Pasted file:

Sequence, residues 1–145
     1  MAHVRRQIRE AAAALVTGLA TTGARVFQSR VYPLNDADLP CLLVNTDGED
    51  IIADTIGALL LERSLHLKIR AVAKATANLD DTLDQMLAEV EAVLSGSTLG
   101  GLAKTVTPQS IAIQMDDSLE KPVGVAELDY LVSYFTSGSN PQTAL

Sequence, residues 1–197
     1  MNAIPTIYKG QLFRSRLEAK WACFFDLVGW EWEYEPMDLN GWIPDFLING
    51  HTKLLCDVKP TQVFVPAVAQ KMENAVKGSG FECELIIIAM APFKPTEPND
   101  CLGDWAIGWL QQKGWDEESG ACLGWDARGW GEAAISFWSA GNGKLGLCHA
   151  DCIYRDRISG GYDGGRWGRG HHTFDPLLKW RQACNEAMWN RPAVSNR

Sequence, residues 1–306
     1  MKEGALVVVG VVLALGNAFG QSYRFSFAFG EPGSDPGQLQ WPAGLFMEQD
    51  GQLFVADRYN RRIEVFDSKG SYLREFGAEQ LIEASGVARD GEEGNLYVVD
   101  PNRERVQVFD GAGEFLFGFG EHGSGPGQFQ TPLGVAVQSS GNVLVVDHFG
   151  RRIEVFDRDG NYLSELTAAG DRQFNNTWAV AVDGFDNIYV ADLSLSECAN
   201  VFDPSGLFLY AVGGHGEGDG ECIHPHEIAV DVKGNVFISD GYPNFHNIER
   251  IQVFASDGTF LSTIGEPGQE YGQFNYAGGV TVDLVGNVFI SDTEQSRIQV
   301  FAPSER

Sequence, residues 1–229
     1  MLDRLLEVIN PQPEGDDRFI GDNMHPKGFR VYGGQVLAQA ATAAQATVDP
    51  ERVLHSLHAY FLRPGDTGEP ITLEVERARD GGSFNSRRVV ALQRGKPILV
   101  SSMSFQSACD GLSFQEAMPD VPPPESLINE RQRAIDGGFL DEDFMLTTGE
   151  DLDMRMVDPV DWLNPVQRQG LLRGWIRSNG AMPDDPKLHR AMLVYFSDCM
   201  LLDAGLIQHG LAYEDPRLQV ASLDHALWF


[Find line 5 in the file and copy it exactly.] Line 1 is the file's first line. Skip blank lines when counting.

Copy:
Sequence, residues 1–197